The measure of the partless atoms is known as parimaṇḍala parimāṇa. It is eternal and it cannot generate the measure of any other substance. Its measure is its own absolutely. [37]

The early Vaiśeṣika texts presented the following syllogism to prove that all objects i.e. the four bhūtas, pṛthvī (earth), ap (water), tejas (fire) and vāyu (air) are made of indivisible paramāṇus (atoms): Assume that the matter is not made of indivisible atoms, and that it is continuous. Take a stone. One can divide this up into infinitely many pieces (since matter is continuous). Now, the Himalayan mountain range also has infinitely many pieces, so one may build another Himalayan mountain range with the infinite number of pieces that one has. One begins with a stone and ends up with the Himalayas, which is a paradox - so the original assumption that matter is continuous must be wrong, and so all objects must be made up of a finite number of paramāṇus (atoms).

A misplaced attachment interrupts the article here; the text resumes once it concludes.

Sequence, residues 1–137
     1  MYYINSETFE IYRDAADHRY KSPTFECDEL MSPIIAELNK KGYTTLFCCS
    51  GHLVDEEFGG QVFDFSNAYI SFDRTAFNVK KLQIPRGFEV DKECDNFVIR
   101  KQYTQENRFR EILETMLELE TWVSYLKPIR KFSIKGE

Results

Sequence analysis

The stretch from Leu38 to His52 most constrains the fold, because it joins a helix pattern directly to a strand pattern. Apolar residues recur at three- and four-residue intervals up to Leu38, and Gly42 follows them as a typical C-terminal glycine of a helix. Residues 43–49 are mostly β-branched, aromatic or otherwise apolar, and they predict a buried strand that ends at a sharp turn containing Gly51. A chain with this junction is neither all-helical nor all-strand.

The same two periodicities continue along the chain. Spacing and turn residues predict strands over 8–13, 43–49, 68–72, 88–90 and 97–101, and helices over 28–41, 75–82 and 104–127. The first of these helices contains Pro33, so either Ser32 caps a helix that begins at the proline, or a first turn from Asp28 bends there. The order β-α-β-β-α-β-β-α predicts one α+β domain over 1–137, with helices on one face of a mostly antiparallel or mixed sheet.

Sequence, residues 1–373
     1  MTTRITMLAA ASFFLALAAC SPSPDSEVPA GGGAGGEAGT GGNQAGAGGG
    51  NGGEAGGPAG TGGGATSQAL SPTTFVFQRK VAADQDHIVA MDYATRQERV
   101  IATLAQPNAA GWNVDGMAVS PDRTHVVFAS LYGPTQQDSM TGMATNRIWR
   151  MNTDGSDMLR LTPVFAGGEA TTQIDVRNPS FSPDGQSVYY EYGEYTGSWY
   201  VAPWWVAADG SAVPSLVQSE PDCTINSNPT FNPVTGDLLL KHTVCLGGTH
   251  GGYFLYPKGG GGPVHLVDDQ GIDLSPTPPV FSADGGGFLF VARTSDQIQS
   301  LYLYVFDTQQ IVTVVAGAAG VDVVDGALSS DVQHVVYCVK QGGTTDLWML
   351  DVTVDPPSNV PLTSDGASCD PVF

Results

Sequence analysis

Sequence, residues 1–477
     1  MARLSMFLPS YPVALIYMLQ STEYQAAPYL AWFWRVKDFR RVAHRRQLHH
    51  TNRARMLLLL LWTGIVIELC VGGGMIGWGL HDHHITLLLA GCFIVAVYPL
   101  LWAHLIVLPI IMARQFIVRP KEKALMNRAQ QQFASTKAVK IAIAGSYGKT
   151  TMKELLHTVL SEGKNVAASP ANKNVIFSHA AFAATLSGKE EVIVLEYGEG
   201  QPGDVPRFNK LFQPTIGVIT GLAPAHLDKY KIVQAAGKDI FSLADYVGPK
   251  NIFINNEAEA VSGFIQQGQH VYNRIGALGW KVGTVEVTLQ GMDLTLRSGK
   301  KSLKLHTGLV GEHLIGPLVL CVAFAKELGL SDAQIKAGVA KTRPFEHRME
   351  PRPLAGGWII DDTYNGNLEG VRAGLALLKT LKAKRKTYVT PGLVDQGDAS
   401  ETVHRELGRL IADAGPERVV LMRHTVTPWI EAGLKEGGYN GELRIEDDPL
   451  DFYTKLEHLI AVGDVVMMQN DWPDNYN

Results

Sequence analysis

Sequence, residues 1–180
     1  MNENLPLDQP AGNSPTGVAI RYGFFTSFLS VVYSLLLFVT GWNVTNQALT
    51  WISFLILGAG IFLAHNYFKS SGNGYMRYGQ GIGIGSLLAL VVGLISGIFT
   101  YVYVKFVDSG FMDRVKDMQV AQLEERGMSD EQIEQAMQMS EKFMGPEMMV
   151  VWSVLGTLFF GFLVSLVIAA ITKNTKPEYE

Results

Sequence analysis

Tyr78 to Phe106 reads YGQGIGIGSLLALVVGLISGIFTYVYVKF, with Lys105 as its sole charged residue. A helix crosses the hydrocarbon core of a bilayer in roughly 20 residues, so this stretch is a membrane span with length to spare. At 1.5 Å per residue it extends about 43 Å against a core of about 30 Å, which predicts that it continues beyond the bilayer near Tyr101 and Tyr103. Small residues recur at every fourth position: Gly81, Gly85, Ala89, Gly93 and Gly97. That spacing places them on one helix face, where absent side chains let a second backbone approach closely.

See also

Notes

  1. Amita Chatterjee (2011), Nyāya-vaiśeṣika Philosophy, The Oxford Handbook of World Philosophy, doi : 10.1093/oxfordhb/9780195328998.003.0012
  2. 1 2 3 4 5 DPS Bhawuk (2011), Spirituality and Indian Psychology (Editor: Anthony Marsella), Springer, ISBN   978-1-4419-8109-7, page 172
  3. 1 2 3
    • Eliott Deutsche (2000), in Philosophy of Religion : Indian Philosophy Vol 4 (Editor: Roy Perrett), Routledge, ISBN   978-0815336112, pages 245-248;
    • John A. Grimes, A Concise Dictionary of Indian Philosophy: Sanskrit Terms Defined in English, State University of New York Press, ISBN   978-0791430675, page 238
  4. Dale Riepe (1996), Naturalistic Tradition in Indian Thought, ISBN   978-8120812932, pages 227-246
  5. Kak, S. 'Matter and Mind: The Vaisheshika Sutra of Kanada' (2016), Mount Meru Publishing, Mississauga, Ontario, ISBN   978-1-988207-13-1.
  6. 1 2 3 Analytical philosophy in early modern India J Ganeri, Stanford Encyclopedia of Philosophy
  7. 1 2 3 Oliver Leaman, Key Concepts in Eastern Philosophy. Routledge, ISBN   978-0415173629, 1999, page 269.
  8. Basham 1951, pp. 262-270.
  9. Jeaneane D. Fowler 2002, pp. 98-99.
  10. Oliver Leaman (1999), Key Concepts in Eastern Philosophy. Routledge, ISBN   978-0415173629, page 269
  11. J Ganeri (2012), The Self: Naturalism, Consciousness, and the First-Person Stance, Oxford University Press, ISBN   978-0199652365
  12. M Hiriyanna (1993), Outlines of Indian Philosophy, Motilal Banarsidass, ISBN   978-8120810860, pages 228-237
  13. P Bilimoria (1993), Pramāṇa epistemology: Some recent developments, in Asian philosophy - Volume 7 (Editor: G Floistad), Springer, ISBN   978-94-010-5107-1, pages 137-154